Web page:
Raising Children in a Media Saturated Society: A Balanced Approach by Jessica Kenimer, LPCC-S
TV, computers, phones, tablets, video games – social media, digital media, interactive media. . . Media is everywhere. A quick internet search provides a vast array of warnings about the risks of children using media along with guidelines specifying everything from when, where, and how to use media. Trying to sift through the ever increasing amount of data and opinions about what is “right” regarding media use for kids can leave parents feeling confused and overwhelmed.
While recommendations and guidelines for parents on how to use media responsibly have changed vastly over time, the overarching goals of parenting have remained the same – to provide for your child's physical and emotional needs while instilling and nurturing character and values to promote independence.
The American Academy of Pediatrics suggests making mindful decisions about media use by taking research and guidelines into account while asking yourself what the purpose of using media is for you and your child.
Examples of common questions parents may find themselves asking regarding media use for their child include:
Will handing my toddler a phone to watch a short video while I pay for groceries permanently stunt his/her development?
Mindful considerations: Research indicates that media use in young children may play a factor in delayed language skills; however, this is not likely to happen in the short time it takes to pay for groceries. If you find that you can't go to the grocery store without your toddler having a phone for the entire duration of the trip, it may be time to reconsider and create alternative solutions for your grocery shopping that would be more beneficial to nurturing a child's physical and emotional needs.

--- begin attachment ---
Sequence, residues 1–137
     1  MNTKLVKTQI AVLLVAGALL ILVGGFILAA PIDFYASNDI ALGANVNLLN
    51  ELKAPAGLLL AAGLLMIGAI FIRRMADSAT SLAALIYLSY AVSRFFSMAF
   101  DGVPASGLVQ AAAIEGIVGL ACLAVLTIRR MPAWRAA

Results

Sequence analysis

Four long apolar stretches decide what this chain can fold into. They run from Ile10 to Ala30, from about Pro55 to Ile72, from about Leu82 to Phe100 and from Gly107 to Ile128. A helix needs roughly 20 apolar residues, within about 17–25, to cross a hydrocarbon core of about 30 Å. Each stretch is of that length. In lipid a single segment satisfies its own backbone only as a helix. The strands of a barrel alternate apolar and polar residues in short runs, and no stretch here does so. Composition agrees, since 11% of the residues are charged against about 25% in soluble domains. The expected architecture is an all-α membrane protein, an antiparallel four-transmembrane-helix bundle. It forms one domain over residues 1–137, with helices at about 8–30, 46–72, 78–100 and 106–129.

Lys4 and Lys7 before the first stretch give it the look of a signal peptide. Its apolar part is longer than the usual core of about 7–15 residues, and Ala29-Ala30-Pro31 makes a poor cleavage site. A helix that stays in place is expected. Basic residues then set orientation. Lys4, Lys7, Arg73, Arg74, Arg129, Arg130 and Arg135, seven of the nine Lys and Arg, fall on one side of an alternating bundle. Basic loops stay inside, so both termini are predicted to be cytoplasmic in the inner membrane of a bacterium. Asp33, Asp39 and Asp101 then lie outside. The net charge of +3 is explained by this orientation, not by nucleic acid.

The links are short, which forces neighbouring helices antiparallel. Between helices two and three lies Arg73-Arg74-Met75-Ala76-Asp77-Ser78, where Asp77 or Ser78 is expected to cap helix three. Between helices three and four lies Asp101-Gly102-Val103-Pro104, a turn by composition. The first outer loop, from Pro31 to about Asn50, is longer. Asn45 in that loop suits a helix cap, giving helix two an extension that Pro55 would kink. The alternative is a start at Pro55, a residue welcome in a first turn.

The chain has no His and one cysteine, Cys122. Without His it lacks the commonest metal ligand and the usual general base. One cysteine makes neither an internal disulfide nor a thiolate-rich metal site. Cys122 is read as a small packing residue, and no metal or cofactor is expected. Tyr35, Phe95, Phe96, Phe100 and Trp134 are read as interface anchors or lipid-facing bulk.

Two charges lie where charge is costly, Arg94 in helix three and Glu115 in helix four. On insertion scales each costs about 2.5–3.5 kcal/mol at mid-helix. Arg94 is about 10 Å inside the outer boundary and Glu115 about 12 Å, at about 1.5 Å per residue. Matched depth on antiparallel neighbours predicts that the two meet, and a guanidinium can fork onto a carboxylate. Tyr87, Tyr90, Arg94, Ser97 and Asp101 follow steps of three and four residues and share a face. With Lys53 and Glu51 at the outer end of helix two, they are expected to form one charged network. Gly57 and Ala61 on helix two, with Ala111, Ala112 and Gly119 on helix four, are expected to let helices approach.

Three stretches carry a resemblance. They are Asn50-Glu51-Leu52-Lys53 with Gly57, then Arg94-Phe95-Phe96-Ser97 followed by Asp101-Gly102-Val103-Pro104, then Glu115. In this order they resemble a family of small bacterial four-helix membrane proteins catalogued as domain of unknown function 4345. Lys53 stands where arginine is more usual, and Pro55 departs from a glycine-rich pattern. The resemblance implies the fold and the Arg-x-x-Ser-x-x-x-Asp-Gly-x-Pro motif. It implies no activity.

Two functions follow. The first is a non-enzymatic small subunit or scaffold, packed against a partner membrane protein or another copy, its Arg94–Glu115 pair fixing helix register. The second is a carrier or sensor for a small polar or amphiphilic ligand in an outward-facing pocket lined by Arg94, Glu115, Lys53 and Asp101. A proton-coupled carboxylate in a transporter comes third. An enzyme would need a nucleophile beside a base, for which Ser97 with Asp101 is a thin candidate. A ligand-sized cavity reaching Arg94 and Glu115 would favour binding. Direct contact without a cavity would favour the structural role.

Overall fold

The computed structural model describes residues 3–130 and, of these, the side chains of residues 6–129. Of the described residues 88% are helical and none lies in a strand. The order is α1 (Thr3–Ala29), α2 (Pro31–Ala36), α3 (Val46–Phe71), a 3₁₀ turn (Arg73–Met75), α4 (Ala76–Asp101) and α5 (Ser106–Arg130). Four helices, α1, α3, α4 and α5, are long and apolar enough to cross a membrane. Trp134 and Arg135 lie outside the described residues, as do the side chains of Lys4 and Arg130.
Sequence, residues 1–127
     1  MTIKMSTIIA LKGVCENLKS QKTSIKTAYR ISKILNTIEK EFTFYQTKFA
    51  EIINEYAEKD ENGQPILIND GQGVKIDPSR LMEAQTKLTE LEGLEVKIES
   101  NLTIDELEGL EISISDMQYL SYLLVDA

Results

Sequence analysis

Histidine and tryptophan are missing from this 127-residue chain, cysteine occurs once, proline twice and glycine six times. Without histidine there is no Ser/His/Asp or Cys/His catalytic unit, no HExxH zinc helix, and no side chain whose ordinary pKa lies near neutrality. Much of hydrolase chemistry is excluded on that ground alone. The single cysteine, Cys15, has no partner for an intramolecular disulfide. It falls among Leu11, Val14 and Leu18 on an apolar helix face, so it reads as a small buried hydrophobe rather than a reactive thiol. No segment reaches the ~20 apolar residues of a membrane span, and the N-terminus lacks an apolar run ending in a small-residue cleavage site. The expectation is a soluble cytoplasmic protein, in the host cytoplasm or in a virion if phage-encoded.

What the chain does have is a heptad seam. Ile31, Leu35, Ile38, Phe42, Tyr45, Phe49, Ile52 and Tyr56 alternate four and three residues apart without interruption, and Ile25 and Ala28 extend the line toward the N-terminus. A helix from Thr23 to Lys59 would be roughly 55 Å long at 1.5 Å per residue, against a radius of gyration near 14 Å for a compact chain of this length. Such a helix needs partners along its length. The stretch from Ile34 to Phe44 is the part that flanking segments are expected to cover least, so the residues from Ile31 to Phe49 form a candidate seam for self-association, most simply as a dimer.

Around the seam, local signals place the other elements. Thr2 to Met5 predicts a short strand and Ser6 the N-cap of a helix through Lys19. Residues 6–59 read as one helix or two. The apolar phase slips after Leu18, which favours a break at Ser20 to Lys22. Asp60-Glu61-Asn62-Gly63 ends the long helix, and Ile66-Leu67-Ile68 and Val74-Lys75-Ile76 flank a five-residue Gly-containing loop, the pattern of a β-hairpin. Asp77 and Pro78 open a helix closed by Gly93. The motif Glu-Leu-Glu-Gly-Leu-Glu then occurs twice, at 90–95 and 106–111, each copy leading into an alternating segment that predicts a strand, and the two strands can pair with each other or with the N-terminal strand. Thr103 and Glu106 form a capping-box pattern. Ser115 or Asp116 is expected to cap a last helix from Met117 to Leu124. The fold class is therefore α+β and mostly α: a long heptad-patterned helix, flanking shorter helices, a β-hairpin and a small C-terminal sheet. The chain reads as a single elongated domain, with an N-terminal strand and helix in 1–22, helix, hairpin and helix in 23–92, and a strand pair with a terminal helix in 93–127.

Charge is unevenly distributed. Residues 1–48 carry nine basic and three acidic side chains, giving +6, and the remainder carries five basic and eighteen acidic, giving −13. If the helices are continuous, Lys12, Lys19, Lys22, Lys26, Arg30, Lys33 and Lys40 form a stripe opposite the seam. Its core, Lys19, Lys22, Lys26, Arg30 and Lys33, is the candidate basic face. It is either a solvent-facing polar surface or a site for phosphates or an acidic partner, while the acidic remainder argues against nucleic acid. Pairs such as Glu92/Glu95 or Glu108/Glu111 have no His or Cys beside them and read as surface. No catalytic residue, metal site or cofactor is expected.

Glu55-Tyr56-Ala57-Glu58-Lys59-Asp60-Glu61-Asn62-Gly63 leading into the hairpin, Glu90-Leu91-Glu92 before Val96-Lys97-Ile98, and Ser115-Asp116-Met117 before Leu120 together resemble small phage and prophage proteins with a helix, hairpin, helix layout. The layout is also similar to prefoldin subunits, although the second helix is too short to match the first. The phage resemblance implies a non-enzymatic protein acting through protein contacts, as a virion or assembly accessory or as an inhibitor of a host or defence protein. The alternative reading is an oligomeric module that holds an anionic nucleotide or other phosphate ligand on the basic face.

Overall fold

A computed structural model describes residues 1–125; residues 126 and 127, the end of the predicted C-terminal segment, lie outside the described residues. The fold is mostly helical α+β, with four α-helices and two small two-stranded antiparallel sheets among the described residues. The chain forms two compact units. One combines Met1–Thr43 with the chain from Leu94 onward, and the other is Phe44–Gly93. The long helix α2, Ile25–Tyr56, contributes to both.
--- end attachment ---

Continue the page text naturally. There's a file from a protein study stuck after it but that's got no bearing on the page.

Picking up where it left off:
Is putting a TV in my child's room going to cause problems?
Mindful considerations: When purchasing a new TV, consider where the TV will be set up. Placing the TV in a common room and using it as a source of shared family entertainment can be beneficial in creating connectedness. However, placing a TV in a child's room is more likely to be detrimental to the child's sleep patterns. This also creates increased opportunity for isolation and is more difficult to monitor whether or not the child is choosing appropriate programming to watch.
Is allowing my child or teenager to use social media okay?
Mindful considerations: If social media is primarily used as a way to post funny pictures or easily plan group outings with friends, it can be beneficial to use. If using social media becomes a way to keep track of who said what about whom at school or becomes a source of comparison that results in your child having negative thoughts or feelings about him/herself, it is time to reconsider social media use.
As is true for most things, the use of media can be beneficial or harmful depending on how it is used. Parents can take this opportunity to educate and guide their children in ways that will promote healthy physical, emotional, and moral development. Have conversations with your kids about not talking to strangers in public or online, and teach your children to be honest and kind in their interactions with their peers in person and on social media.
Finally, DO feel empowered to set structure and rules for media use as well as consequences for misuse of media – just as you would about school attendance and homework, safety, and sleep.
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